U.S. Secret Service Relaxes Past-Use Cannabis Policy for Applicants
by Mary E.
New Jersey’s governor says the state’s recreational market is coming “within weeks,” Democrats struggle to make progress on cannabis legalization, and Veriheal released its first annual medical cannabis preference report.
Let’s dive into this week’s cannanews.
After a year-plus wait, recreational cannabis is finally making its way to New Jersey. In late February, New Jersey Gov. Phil Murphy announced that the state’s recreational market could be up and running “within weeks”. The governor’s announcement came after the state blew by the initial Feb. 22 deadline to launch its recreational market.
Despite its late start, the Garden State is still poised to become one of the largest cannabis markets on the East Coast. Sales projections see the state’s cannabis market making over $2 billion within a few years.
Not everyone is as optimistic about New Jersey’s upcoming market though. Industry insiders have voiced their worries about the state’s plans to only allow existing medical marijuana (MMJ) establishments to sell during the recreational market’s opening months. According to experts, these restrictions could give existing MMJ establishments up to an 18-month head start on new cannabis businesses.
Not only is this inequitable, but it also means that the state could experience some major supply shortages early on. “We could have only five operators trying to meet the initial demand of the entire state…It’s almost naive to think we aren’t going to run into some issues,” said Rob DiPisa, co-chair of the cannabis law practice at a New Jersey firm.
Another major issue facing the state’s soon-to-open recreational market is real estate. As part of the voter-backed bill that legalized recreational cannabis, municipalities were allowed to opt out of allowing retail stores in their area. Surprisingly, over 70% of New Jersey towns opted out.
With only 30% of the state’s towns available to do business in, intense bidding wars have predictably erupted. Due to already limited funds and connections, social equity applicants are the most disadvantaged when it comes to securing storefronts under these conditions.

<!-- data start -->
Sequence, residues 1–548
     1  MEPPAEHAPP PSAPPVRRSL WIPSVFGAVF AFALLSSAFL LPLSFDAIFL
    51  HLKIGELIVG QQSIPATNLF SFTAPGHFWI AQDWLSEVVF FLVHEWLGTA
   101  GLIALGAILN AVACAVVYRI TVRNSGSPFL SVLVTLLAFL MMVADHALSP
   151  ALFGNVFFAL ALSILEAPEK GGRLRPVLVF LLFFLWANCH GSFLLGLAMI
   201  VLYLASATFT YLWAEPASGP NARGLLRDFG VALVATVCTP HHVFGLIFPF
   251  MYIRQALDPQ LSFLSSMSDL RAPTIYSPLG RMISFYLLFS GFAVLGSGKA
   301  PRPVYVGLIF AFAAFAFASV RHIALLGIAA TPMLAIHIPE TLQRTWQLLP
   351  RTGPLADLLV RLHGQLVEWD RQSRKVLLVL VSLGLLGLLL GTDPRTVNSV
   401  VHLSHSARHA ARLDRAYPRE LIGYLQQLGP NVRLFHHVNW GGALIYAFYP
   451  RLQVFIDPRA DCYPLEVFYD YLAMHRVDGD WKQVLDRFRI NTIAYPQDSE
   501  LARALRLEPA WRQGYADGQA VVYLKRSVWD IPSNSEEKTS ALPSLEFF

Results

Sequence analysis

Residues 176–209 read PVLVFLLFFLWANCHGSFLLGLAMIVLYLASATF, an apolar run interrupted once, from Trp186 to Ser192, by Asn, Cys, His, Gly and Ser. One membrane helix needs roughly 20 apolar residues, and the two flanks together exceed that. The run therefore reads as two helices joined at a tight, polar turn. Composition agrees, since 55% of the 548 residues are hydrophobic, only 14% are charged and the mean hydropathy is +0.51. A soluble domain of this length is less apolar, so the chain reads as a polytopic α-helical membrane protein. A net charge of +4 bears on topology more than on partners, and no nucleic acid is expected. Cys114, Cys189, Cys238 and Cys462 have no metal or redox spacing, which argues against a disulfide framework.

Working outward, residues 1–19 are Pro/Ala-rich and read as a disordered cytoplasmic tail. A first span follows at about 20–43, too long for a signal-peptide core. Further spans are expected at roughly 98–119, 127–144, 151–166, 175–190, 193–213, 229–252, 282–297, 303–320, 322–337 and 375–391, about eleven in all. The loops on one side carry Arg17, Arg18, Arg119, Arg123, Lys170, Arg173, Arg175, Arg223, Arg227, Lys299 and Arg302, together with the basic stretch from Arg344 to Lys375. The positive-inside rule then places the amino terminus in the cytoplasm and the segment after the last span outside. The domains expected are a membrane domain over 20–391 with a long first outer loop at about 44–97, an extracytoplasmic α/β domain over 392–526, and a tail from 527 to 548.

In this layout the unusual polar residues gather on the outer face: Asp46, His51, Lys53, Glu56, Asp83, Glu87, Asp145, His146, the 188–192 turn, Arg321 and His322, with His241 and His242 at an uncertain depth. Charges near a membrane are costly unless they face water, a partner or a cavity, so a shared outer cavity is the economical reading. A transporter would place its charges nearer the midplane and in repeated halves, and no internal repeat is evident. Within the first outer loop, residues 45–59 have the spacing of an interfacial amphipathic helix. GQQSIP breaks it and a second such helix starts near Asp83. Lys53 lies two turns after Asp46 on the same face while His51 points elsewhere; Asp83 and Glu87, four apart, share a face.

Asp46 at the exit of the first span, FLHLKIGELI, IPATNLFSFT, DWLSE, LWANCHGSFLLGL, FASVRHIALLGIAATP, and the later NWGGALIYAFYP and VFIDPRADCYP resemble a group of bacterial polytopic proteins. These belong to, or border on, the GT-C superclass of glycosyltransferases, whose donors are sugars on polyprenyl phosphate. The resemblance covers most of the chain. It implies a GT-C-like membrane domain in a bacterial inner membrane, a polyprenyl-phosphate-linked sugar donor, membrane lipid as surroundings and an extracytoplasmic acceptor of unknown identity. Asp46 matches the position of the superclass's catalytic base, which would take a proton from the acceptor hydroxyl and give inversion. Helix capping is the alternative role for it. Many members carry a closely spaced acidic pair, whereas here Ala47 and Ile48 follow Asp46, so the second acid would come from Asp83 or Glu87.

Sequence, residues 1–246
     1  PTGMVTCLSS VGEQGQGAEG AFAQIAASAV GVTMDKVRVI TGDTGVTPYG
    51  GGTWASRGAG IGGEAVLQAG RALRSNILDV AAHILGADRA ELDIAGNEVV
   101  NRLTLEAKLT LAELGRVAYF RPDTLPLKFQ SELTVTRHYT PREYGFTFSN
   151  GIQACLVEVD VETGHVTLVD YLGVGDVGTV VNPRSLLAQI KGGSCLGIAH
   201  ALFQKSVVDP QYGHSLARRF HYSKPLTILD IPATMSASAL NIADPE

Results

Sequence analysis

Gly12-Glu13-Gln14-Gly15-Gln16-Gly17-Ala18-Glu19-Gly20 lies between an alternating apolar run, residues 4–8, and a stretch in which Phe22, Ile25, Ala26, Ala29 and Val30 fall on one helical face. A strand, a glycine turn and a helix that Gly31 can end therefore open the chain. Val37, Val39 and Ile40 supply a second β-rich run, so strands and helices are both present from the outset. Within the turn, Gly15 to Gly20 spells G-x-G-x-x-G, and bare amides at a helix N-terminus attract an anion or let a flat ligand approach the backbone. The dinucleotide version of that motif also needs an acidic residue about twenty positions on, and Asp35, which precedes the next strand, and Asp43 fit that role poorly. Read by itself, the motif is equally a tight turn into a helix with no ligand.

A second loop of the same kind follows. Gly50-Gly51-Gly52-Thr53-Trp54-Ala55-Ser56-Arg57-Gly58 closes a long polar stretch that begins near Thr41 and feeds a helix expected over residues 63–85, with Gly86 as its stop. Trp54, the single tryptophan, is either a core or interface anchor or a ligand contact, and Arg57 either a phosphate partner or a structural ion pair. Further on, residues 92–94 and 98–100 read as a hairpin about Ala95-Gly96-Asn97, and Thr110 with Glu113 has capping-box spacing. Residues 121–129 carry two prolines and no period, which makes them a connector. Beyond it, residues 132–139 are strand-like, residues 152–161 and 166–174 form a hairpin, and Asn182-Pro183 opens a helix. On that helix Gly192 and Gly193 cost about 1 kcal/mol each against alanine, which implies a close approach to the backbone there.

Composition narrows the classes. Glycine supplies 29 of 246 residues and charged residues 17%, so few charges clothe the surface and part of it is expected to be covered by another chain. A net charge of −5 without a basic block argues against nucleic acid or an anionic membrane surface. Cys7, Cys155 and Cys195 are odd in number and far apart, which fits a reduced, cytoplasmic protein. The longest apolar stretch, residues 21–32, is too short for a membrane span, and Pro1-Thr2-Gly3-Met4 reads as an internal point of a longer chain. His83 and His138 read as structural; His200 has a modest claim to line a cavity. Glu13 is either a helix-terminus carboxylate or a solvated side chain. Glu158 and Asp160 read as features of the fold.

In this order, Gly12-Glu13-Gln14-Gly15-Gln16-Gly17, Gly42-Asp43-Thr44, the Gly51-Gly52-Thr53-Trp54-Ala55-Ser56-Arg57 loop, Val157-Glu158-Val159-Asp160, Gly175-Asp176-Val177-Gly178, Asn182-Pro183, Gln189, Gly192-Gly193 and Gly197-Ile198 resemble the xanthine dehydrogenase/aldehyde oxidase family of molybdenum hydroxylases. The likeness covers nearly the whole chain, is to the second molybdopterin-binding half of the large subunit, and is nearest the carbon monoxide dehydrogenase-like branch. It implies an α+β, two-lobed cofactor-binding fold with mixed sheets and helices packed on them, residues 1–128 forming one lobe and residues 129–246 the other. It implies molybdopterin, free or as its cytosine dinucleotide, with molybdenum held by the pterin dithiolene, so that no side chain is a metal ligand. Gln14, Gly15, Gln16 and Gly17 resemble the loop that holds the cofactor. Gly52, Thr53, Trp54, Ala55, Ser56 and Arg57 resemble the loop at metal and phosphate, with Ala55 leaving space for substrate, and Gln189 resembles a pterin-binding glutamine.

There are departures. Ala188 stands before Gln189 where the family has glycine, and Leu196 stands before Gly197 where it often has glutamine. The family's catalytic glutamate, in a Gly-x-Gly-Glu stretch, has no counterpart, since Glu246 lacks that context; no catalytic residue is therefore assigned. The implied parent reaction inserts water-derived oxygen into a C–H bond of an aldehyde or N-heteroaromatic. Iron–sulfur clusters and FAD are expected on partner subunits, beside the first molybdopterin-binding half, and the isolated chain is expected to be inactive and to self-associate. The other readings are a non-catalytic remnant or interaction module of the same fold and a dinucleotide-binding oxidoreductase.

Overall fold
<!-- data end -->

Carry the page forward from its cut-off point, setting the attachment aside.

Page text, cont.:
What do you think of New Jersey’s forthcoming retail cannabis market? Do you think its early issues will stunt its potential growth? Let us know in the comments!
The 2020 elections ended with Democratic leadership riding high. A newly acquired Senate majority meant that Democrats finally had a chance to pass progressive policies following years of Republican control. Near the top of the party’s priorities was ending the federal prohibition of cannabis.
As with many of the Democrats’ promises from the election cycle, however, internal conflicts and a lack of compromise from the Republican party have made it nearly impossible to pass legislation.
“I’m very frustrated and really disappointed,” said Rep. Lou Correa (D-Calif.). “Polling in this country is off the charts that people want to normalize the use of cannabis…So what’s the hang-up?” Correa is spot on with his frustrations—recent polls show that 57% of Americans want cannabis to be legalized, including 40% of Republicans. Despite this overwhelming support, however, cannabis legislation has perpetually been hitting a wall.
Earlier this month, for example, Congress started work on a new government funding bill. During negotiations, a major point of disagreement popped up. Democrats wanted to eliminate an addition to the bill dubbed the “Harris Rider,” which would continue to bar the legalization of cannabis sales in Washington, D.C. despite D.C. voters having passed a recreational cannabis bill over seven years ago.
Republicans, however, wouldn’t budge on their opposition to removing the Harris Rider. Thus, the rider stayed in, and D.C. residents continued to be denied the cannabis legalization they approved.
Despite some early bumps along the road, Democrats insist that they will continue making moves to get federal cannabis policy passed. Early last month, Senate Majority Leader Chuck Schumer said that he hoped to introduce a bill to federally decriminalize cannabis in April. With only nine months left with the current Congress, Democrats will have to make a strong push if they hope to make good on their promise.
What do you think of the many challenges that Democrats have faced in passing cannabis legalization? Do you believe they will be able to get it done before the next election cycle? Let us know in the comments!
On Tuesday, Veriheal officially released its first annual medical cannabis preference report. The report features gender-specific data from over 125,000 U.S. medical patients between the ages of 18 and 85 and provides key insights into all things medical cannabis, such as patient product preferences and reasons for use.
Included in the report are findings that show men have a strong preference for flower over edibles. Women, meanwhile, remain more agnostic. In addition, the report found that while men most often use cannabis for relaxation (67%), women mainly use the plant for stress relief (72%).
Interested in learning more? Click here to view the full report.
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